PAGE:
Mata Nui Online Game Walkthrough/Chapter 9

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Journey to Kini-Nui

[note 1]

Our party of misfits is complete. We walk to the beach and head toward the waterfall. I have seen it before, but others of my Company have not.

“This land is a place of beauty, and also of sadness. There is no greater craftsman than Mata Nui!” says Hafu.

“The waterfall is so beautiful! Like a million Lightstones tossed in the air!” adds Taipu.[note 2]

Vakama says the road to the Kini-Nui lies on the other side of those falls,” says Kapura.[note 3]

“I can swim, if we need to cross the falls,” says Tamaru. “But I’m not sure about the others.”[note 4]

“By Pohatu!” exclaims Hafu. “Horrid stuff, water. I wouldn’t swim in it if the Makuta himself were at my back, and don’t know how besides!”[note 5]

The tunnel behind Naho Falls

“I can help us cross!” says Maku. “I used to go boating here, in safer times. If it’s weathered the storms, my canoe is still hidden in the bushes along the bank.”

Maku finds her boat among the bushes and motions for us to help put it into the water. We all board, and Maku steers us into the waterfall. Behind it is an underground stream.

We travel the underground waterway inland until we emerge from the tunnel and reach green, forested hills. This is clearly an ancient path. We come upon a bridge that appears to have given way. I don’t know how we can continue.

“That’s odd,” says Maku. “There used to be a bridge here… what can have happened to it?”[note 6]

“Whether by storm or some darker force, the bridge that stood here is gone for good. Not even I can craft a new one!” proclaims Hafu.[note 7]

“When I stand at the edge and look down, it makes me dizzy,” adds Taipu unhelpfully.

“Perhaps a flying Le-Koronan can figure a way across,” hints Maku.

Tamaru thinks quickly.[note 8] In no time at all, he has fashioned a rope of vine and tied it to a nearby tree. He then hurls himself out over the chasm and swings up to the other side. He lands in a bush, but he signals that he is OK. He secures the rope, and one by one we work our way to the other side. When all are safely across, we continue down the pathway through the dense forest.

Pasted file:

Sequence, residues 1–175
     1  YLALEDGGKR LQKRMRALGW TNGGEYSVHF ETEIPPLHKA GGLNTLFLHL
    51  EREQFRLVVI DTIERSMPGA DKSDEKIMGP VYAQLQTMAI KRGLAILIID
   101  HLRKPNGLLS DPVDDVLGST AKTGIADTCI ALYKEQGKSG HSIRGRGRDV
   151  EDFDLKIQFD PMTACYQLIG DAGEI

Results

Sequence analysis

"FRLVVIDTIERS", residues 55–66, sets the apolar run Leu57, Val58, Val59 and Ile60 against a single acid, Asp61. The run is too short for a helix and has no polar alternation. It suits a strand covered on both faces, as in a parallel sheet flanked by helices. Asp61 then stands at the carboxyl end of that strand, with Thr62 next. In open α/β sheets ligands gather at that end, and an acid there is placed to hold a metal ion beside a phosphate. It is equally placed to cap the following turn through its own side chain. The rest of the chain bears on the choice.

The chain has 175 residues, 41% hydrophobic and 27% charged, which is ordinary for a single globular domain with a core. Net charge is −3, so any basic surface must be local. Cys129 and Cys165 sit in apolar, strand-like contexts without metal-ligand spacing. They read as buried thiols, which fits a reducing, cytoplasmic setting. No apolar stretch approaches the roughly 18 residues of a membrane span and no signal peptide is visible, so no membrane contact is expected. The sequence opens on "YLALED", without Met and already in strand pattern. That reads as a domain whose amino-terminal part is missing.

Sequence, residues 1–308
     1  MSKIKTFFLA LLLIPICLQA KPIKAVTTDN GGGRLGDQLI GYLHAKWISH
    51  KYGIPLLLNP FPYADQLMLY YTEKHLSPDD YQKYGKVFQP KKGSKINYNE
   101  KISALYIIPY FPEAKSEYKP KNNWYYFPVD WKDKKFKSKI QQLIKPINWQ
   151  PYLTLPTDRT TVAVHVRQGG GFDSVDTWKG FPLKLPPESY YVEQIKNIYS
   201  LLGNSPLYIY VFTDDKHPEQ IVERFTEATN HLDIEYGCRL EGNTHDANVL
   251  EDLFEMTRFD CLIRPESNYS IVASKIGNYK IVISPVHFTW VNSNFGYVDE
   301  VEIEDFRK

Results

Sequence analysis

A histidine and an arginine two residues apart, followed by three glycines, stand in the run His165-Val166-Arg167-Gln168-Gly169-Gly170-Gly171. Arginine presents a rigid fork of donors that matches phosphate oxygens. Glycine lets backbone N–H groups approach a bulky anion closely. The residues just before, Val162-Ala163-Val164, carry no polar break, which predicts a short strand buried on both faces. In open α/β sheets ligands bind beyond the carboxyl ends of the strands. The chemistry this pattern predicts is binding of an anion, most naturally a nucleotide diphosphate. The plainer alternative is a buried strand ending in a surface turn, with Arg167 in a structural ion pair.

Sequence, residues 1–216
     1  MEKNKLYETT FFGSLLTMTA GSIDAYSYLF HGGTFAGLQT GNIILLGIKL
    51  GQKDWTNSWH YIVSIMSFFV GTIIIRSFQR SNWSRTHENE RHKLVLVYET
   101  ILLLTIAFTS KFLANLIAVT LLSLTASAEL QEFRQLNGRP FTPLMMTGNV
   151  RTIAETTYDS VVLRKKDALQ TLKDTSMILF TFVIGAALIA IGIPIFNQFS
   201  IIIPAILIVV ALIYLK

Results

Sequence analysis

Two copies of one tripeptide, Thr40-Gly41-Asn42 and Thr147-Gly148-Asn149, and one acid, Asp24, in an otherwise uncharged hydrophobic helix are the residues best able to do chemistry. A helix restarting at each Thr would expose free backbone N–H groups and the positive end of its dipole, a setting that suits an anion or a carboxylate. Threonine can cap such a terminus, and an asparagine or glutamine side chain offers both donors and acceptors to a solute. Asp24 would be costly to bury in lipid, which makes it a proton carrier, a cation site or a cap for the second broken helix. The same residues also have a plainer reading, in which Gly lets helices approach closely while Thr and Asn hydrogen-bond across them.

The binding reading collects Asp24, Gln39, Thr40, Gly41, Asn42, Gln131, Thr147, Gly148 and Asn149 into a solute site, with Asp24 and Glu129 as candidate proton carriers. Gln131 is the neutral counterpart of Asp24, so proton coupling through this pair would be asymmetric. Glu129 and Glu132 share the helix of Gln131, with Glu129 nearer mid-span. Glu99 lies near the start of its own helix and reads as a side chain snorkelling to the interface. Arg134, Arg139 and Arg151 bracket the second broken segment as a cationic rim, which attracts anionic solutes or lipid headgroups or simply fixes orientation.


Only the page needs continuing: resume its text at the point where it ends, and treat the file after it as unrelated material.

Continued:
The chatter among our Company is cheerful and upbeat.

“With such Company, Makuta-beasts have much to fear!” says Tamaru.

“It is good to be on an adventure with you again!” says Maku. “I thought Nokama would keep me locked up in the village forever.”

“Are we there yet?” asks Taipu.

“If you practice, you can move quickly,” replies Kapura.[note 9]

As the trees begin to clear, it becomes apparent that another obstacle has been strewn across our path. Where there was once a passage through these rocky hills, we now reach a wall of fallen rocks and stone.

“I came this way once,” says Maku, “and this rockslide was not here. Something calls forth the very earth to block our path! This is a fell sign.”[note 10]

“My stonecraft is great indeed, Chronicler! I can cut through these stones,” says Hafu. “But I should also need great skill at digging, such as Taipu possesses.”

Hafu’s creation

“Digging in rock is what the Onu-Koronans do best,” says Taipu proudly. “I will clear a route with your help.”[note 11]

Taipu quickly begins clearing rocks as Hafu sets about cutting away the stone. They work quickly and a large cloud of dust surrounds them as they do so.

“Another Hafu original,” proclaims Hafu as the dust settles. We are surprised to see an enormous statue of Hafu standing next to the newly opened pass. We admire it for but a moment, and are once again on our way.

Our trip takes us higher up into the snow-capped mountains. We come upon a large, stone carving of a face.

“This is the portal to the Kini-Nui,” says Maku. “On the other side lies our destination! But I fear our long journey is for nothing, for our astrologer has spoken of these gates.”[note 12]

The Gate of Ice

“These gates are ancient, and fashioned by a hand whose skill rivals even my own,” says Hafu. “I have not much hope for any who try trespass without the key. Perhaps Kopeke can wield some ice-lore to get us past this place?”[note 13]

[note 14] Kopeke, who has had little to say on our journey, does not speak now either, but instead sets to work. He carefully examines the lock in the mouth of the face. He travels a short way to an icy drift. The sun has melted large icicles onto its lip. He breaks one off and begins crafting a key.

The key fits perfectly into the lock and the door opens swiftly. We are free to pass through the portal. On the other side, deep in a protected green valley, is Kini-Nui. We climb down to the valley and cross the woods to the temple.

The Meeting of the Toa

Here are assembled all six Toa. They are deep in discussion among themselves. “This is where we begin our final task,” says Tahu. “If any of you question our choice, or doubt our chances if we work together, speak now!”

“I have doubted you in the past, Tahu,” replies Kopaka, “but no more. I think I speak for all of us when I say that our only hope is to work together. So I cast my sword with yours, if you will have it.”

“I will have it gladly, Kopaka,” affirms Tahu. “You are all in assent?”

All of the Toa nod their heads in agreement.